Tri-State has a longstanding reputation and strong commitment in its support of youth education programs aimed at empowering the leaders of tomorrow, as well as telling our story of the value that consumer-owned power brings to farms, ranches, businesses and communities served by the association’s 44 member systems.
Many of the association’s youth education programs are spearheaded by Gigi Dennis, senior manager of external affairs.
One such program series that has proved to be very successful is conducted through Tri-State’s alliance with the non-profit Agriculture in the Classroom organizations. They help help roll out free classroom readers and teacher study guide materials, as well as fun and educational Web site content for elementary school students living in communities in all four states of the Tri-State member service territory.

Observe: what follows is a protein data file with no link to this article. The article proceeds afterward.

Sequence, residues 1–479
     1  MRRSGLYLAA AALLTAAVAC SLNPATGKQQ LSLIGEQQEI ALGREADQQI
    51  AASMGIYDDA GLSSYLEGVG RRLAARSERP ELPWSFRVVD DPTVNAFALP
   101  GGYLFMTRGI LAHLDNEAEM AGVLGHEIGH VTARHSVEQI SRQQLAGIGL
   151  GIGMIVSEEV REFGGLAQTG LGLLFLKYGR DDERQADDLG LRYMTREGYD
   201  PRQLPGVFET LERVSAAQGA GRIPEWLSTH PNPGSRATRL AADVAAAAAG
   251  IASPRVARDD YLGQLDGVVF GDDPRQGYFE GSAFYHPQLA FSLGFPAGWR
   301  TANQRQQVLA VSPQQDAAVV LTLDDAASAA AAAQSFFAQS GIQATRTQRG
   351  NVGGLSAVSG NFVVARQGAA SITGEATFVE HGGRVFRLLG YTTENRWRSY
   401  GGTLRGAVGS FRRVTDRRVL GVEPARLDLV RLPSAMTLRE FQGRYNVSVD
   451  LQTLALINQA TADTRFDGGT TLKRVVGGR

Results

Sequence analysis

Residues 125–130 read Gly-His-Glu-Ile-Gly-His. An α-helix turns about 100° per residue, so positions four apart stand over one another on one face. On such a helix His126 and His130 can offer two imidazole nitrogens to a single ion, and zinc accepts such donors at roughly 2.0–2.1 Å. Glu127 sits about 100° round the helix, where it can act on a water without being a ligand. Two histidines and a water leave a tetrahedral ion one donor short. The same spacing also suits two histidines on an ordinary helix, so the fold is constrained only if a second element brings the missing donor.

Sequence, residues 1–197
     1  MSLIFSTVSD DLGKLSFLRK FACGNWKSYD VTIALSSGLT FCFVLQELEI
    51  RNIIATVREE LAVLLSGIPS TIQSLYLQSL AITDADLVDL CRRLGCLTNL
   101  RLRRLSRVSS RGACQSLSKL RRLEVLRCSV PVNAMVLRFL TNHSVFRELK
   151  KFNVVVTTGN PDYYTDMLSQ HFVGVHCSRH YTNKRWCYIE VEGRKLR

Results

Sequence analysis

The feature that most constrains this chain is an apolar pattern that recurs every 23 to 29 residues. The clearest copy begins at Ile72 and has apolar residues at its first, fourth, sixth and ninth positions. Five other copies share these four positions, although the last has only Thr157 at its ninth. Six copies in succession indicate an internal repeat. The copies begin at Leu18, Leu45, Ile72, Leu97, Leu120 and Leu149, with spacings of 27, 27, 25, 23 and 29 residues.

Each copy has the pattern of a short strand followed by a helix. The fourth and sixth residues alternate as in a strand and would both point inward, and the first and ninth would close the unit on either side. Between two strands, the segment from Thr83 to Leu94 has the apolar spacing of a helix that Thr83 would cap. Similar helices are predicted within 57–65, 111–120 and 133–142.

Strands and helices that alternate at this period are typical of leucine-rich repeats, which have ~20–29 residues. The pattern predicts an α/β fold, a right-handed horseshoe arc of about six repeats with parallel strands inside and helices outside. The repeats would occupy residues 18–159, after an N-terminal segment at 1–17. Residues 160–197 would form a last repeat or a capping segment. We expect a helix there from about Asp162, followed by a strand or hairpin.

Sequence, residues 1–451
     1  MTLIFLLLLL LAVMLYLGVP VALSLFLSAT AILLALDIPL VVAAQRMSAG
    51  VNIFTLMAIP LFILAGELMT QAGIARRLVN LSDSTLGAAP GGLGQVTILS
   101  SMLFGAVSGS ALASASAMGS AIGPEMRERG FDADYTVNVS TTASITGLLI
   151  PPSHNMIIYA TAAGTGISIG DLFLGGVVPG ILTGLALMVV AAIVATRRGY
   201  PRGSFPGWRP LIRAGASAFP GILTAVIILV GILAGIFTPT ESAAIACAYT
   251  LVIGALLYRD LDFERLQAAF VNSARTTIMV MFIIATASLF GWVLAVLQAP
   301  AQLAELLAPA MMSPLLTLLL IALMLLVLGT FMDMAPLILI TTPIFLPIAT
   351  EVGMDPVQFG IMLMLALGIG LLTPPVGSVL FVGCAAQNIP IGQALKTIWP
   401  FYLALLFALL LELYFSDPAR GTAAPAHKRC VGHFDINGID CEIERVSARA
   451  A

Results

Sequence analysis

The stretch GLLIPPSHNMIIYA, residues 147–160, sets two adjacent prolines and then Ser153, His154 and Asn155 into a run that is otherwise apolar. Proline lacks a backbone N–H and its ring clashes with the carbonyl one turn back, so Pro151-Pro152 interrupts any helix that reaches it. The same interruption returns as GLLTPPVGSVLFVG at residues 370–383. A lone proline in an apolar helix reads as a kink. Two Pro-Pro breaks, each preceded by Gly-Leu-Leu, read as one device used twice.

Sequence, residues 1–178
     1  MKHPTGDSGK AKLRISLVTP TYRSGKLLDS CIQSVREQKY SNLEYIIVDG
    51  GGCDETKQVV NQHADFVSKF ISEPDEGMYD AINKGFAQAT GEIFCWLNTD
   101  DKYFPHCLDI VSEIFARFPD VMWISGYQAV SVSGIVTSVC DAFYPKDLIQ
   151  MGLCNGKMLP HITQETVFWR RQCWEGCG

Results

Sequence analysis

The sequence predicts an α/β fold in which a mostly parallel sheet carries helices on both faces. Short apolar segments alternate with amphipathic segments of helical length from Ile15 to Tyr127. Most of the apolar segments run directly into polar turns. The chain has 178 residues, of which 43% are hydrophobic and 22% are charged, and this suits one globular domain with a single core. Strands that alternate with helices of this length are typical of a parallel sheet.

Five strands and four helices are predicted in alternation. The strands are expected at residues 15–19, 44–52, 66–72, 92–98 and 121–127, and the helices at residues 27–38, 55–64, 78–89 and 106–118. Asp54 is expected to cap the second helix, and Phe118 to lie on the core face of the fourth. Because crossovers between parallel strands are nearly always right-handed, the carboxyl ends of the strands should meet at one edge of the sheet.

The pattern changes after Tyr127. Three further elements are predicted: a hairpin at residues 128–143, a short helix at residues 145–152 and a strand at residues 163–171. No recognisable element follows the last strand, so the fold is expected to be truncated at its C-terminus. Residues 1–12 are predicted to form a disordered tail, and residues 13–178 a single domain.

The most recent classroom reader, produced with Tri-State’s support by the Colorado Foundation for Agriculture on the topic of hydropower, appeared in the Denver Post on March 18.
The 4-page “Colorado Kids” reader provides an easy-to-understand primer on how falling water produces electricity, a history of hydropower, an “Understanding Energy” vocabulary, a simplified graphic of how a hydroelectric power plant works and a wrap-up of all the different kinds of energy resources that the utility relies upon to bring power to homes, farms and businesses in the West.
Tri-State also reaches out to teachers in some of those same schools within the Tri-State region, each summer by hosting an annual free teachers’ energy conference at headquarters. For this conference Tri-State brings in an instructor from the National Energy Education Development (NEED) organization as well as enlisting guest speakers from Tri-State to present various topics on the electric industry.
The three-day NEED conference is aimed at encouraging school teachers to make energy a larger part of their student’s curriculum. Last June approximately 35 teachers attended the conference.